Despite the warmth of the spring sun outside, the world seems filled with new threats and challenges. The COVID-19 pandemic has affected us all and I am working from home. My mind tries to focus on adapting a training module on human security for one of our partner countries.

What is security? We ask this question in every security sector reform course we hold. What does security mean to you in your daily life? This question is simple but transformational. When describing security in general, people might think of weapons-systems or number of troops.

When we ask the question: “What makes you feel safe and secure?” people respond differently. Participants suggest issues like having a job with a decent income, the ability to put food on the table, savings in an account, sending the kids to school, being able to call a police if something happens and trusting that the police responds. This is human security – a people-centred approach to security. The traditional ideas of security are still relevant but in terms of making people safe and secure.

I recently wrote a paper on human rights and security sector reform for the FBA to show how human rights are integral to security. For me personally, the two concepts are nearly the same – respecting and protecting human rights is providing human security.  So why is there a perceived dichotomy between security and human rights?

The human rights community may often face the term “security” when there are calls for tougher measures which often includes possible threats to the enjoyment of human rights. The security community (in the traditional sense) are often faced with the term “human rights” when there are calls for accountability for potential violations, which will be seen as a threat to operations. From these positions, it is logical to see “security” and “human rights” as opposites.

Calling for accountability is an important part of human rights work but understandably uncomfortable for those who stand accused. We need to continue the train of thought to understand how calls for accountability can lead to better operations. Human rights should be an integral part of security actors’ core values and a source of professional pride.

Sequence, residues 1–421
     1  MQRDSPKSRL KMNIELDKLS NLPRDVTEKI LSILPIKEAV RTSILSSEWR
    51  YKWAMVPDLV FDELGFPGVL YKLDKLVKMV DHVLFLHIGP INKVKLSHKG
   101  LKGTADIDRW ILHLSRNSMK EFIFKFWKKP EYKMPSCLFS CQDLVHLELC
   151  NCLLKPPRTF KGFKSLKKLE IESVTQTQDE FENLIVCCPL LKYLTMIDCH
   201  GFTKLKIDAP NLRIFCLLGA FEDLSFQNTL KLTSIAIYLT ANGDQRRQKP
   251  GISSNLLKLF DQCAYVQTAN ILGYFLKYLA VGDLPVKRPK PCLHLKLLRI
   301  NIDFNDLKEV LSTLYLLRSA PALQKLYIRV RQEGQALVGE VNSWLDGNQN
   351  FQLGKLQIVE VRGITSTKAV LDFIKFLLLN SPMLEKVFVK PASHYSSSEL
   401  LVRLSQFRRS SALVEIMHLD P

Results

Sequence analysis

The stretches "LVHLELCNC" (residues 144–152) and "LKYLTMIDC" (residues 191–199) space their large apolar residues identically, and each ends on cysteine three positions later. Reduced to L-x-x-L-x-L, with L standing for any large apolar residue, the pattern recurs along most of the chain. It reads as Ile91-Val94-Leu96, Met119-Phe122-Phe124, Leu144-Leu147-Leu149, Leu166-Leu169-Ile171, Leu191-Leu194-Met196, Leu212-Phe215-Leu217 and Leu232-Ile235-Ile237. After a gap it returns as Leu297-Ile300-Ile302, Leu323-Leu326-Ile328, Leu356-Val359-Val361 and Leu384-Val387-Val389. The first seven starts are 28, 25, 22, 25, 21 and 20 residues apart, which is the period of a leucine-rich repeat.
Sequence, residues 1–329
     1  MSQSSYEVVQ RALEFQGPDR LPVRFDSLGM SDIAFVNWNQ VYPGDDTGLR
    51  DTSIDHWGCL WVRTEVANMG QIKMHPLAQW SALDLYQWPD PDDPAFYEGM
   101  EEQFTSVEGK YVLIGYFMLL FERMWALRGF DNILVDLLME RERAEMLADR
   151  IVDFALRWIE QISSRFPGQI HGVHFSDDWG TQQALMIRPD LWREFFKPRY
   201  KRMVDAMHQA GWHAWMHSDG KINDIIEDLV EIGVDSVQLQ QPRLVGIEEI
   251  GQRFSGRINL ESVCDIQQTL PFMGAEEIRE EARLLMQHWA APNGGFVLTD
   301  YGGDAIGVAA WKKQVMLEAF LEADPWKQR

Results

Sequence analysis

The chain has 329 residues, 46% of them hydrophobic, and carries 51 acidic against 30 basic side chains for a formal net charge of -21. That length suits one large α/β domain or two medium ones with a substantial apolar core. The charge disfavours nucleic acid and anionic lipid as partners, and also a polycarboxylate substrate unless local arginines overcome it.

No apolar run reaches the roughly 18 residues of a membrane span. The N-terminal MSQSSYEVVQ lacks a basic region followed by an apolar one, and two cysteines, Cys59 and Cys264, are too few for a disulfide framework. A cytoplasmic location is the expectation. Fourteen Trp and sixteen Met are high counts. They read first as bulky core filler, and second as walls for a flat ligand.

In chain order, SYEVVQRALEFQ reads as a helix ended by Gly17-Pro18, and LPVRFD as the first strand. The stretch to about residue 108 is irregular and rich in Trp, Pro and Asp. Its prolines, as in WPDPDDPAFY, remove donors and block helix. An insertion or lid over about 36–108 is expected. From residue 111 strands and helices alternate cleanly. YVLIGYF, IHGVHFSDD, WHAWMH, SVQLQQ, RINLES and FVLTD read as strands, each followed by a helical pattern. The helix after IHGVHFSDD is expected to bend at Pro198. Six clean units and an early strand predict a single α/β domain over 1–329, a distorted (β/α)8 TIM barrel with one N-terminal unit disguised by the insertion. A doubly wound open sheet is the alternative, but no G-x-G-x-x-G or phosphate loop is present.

Human rights violations fuel resentment among the population and can be the source of conflict or the trigger for joining violent extremist organizations. Adhering to decent codes of conduct is one part of building trust among the population and a basis for more effective security operations. Calls for accountability and adherence to human rights standards is the path that may lead us to improving the professional standards for good security operations and help us build sustainable peace and prevent conflict.

At this time, COVID-19 is taking a heavy toll on people’s health and lives. The virus does not discriminate in spreading to rich and poor, but the consequences are very different for those who have access to health care, social services, a decent standard of living and labour rights, and those who don’t. The right to health is a matter of security.

The Universal Declaration on Human Rights includes the right to health, specifically the access to medical care and necessary social services. The International Covenant on Economic, Social and Cultural Rights (which is binding international law for the 170 state parties to the covenant) specifies the “right of everyone to the enjoyment of the highest attainable standard of physical and mental health” which shall include “the prevention, treatment and control of epidemic, endemic, occupational and other disease, as well as the creation of conditions which would assure to all medical service and medical attention in the event of sickness.”

The response to the pandemic has also entailed heavy-handed measures to enforce lock-downs, with reports of injuries and casualties. The change in laws, or use of emergency laws, to respond to COVID-19 can open up for use for other purposes in the future.

It is clear to me that human rights norms provide the guiding light here, when we must respond to an urgent health emergency but at the same time be forced to think about the longer-term consequences. Human rights-based security operations may protect security actors from overreacting and potentially damage public trust in the immediate response, which can have long-term consequences.

People around the world are asked to stay at home, but are we safe at home? Increased security threats against women, but also children, quickly took to the headlines. Perhaps this is a time when we really start recognizing security threats in the private sphere, which women’s rights advocates have been arguing for, for so long. Perhaps this terrible pandemic is changing the way we see security? Next question is how we respond…

The virus puts a spotlight on our new understanding of human security. What makes me feel safe and secure right now is that I have access to health care, functioning police services and my freedom of expression.

I receive messages of sympathies and send greetings to my colleagues and partners. Then I return to adapting the training module on understanding human security, humbled by the news around us and more convinced than ever that human rights can be the catalyst for understanding human security.